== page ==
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Thank you so much to all who came along to the talk on Direct Provision last night.

I know everyone will agree that the speakers were brilliant. They bravely and sincerely spoke of their wishes to belong, to contribute, to be able to work, to care for their children with privacy and the ability to make their own decisions.

They spoke of the mental strain, the stresses and fears that led to medical issues. In other words, they asked for nothing more than the human rights that both Irish and UN law already confer to them. They are asking for respect and dignity.

The conditions in some centres that were revealed were shocking. Equally shocking are the millions dished out to the handful of private enterprises who operate without any real watchdog overseeing them.

I was more than happy to share last night why I decided to travel with Abolish Direct Provision Ireland to present at the 100th International Convention on the Elimination of All Forms of Racial Discrimination (CERD), at the UN High Commision in Geneva next week.

It is to share the work I have recently started doing on documenting and submitting official complaints on behalf of the asylum seekers. The Ombusdman has accepted one complaint and I have notified them of my intent to submit another which they have agreed to pursue.

I am travelling to present on behalf of these people, to honour their bravery in coming forward and to give them a voice.

I was very proud to present yesterday with these two brilliant ladies. Juliet who spent six years in direct provision with her children and 2 masters degrees that were useless to her to provide for them because of our laws.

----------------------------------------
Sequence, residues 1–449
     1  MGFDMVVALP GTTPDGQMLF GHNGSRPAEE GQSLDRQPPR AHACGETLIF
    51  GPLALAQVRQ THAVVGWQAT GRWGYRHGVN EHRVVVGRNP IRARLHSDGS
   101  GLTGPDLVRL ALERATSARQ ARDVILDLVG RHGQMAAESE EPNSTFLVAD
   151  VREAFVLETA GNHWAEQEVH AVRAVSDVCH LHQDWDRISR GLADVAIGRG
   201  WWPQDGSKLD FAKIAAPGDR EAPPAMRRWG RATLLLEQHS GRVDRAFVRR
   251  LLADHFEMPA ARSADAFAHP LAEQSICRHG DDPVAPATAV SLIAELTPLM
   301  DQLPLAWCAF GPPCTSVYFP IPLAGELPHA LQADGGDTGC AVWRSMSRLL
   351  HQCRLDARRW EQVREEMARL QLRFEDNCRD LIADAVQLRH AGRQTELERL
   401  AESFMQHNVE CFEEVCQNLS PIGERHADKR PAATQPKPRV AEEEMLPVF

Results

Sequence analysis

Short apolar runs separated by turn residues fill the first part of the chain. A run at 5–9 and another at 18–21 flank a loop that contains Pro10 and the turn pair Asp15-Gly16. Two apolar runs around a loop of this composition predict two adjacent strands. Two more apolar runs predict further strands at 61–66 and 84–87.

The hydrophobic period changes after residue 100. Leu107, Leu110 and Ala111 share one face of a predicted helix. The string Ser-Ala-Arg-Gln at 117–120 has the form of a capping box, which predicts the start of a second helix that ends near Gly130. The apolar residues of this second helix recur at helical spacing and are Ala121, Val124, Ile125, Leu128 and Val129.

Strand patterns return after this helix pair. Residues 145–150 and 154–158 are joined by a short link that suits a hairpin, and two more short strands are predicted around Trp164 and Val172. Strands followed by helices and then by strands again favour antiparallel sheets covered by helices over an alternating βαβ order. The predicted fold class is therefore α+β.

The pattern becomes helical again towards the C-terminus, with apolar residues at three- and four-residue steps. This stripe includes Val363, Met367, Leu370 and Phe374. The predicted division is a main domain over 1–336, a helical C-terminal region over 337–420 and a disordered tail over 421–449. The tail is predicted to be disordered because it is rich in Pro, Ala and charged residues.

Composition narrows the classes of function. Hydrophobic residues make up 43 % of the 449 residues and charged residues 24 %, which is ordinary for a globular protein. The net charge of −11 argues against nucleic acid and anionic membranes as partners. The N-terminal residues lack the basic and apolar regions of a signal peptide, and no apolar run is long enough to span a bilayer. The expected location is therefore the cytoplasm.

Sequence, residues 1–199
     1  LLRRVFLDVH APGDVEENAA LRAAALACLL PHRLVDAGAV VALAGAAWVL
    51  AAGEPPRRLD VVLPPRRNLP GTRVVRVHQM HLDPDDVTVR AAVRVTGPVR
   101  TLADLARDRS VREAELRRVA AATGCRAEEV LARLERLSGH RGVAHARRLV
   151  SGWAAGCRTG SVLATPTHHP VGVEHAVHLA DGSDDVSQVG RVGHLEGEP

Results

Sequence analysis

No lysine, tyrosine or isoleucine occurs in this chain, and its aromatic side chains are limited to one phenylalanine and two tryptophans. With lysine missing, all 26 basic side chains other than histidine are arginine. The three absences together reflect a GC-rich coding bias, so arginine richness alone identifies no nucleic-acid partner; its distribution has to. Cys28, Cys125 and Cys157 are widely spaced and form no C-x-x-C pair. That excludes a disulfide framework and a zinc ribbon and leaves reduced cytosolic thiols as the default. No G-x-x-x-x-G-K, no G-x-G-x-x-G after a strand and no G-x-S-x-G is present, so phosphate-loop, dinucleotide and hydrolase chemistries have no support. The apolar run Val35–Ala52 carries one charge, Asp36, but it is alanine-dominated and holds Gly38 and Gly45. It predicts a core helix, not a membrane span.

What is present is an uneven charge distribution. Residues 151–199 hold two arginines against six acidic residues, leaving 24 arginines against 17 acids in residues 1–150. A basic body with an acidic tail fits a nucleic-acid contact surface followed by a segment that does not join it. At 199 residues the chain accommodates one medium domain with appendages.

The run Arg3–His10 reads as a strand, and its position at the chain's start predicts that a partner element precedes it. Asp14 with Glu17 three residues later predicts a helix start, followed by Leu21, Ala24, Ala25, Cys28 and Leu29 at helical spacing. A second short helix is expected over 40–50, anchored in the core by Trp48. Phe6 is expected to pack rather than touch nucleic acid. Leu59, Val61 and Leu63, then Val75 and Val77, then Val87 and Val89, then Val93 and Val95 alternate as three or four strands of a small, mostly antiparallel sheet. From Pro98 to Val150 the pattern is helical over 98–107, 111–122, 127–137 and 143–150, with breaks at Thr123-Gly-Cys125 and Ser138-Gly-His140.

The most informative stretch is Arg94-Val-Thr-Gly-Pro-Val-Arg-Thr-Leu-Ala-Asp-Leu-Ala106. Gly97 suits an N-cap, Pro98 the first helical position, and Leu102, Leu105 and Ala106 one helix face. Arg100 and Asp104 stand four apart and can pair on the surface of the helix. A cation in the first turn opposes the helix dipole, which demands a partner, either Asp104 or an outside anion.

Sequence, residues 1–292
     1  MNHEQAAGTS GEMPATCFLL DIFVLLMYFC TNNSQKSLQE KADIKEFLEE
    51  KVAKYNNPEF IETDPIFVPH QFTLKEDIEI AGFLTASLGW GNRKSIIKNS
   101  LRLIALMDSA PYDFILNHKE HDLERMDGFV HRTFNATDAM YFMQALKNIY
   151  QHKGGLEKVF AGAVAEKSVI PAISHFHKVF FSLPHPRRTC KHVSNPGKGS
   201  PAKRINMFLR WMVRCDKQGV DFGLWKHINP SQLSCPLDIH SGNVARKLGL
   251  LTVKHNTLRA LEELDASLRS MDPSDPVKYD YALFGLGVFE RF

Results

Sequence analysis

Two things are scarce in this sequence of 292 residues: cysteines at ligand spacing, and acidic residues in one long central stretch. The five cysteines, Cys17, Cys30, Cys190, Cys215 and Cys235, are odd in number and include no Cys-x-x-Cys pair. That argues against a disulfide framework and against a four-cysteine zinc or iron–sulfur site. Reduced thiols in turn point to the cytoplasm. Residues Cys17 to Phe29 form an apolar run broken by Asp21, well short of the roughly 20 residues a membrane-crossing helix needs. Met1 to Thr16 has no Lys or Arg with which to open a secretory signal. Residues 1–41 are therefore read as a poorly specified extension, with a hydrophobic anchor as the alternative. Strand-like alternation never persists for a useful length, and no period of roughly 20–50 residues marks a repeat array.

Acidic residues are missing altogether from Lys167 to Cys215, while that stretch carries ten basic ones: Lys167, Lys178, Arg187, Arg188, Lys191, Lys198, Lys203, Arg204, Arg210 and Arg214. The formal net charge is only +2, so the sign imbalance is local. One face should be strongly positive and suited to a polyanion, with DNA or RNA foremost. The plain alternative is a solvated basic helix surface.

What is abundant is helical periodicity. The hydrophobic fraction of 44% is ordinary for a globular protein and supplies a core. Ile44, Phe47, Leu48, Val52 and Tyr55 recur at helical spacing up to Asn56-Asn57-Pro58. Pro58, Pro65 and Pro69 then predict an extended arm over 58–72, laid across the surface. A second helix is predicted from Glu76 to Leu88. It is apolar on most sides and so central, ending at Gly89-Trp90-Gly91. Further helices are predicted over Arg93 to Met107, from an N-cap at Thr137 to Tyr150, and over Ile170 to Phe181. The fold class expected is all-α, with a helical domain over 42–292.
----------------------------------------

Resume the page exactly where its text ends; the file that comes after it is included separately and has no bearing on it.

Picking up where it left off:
And Diane who came to Ireland as an unaccompanied minor and was put in a centre which was overseen by security guards... in other words a detention centre. She is a fantastic role model for any young person in direct provision.

She came through all of the difficulties she encountered along the way and is now studying her masters in social studies and is a Mum.

These are the people who should be sitting around the tables of government contributing to policy and the decision making process.

I'm delighted that the UN has given them this opportunity and look forward to the session in Geneva today where we listen to the government answer all of the questions we posed yesterday.

I will share the issues I raised in the session as it was my role to question the accountability and transparency of the dept of justice and the whole lack of an independent watchdog to ensure complaints and redress are fair.

We also spoke of the need to move away from the for profit private model which costs the state millions and goes directly to the pockets of only 9 businesses in Ireland.

It is time for change and that change can start with you.

Just by getting more aware of the issues and challenges we can start discussions and raise awareness.

Then we need to get vocal to our elected representatives and put this issue on the table as an election campaign issue.

In the past 20 years the Irish government have spent €1.3 billion on accommodation for asylum seekers. The vast majority of this has gone to private stakeholders. This means we have no infrastructure to cope with the 60% increase in asylum applicants this year alone. Yet the government blindly want to repeat the same mistakes and stick to this private model? We want them to build. Build accommodation on government owned land.

Consult with communities and include them in a balanced and proportionate approach to welcoming asylum applicants.

More than 1 approach is needed. 1 size does not fit all.

Will be interesting to hear our government respond today.

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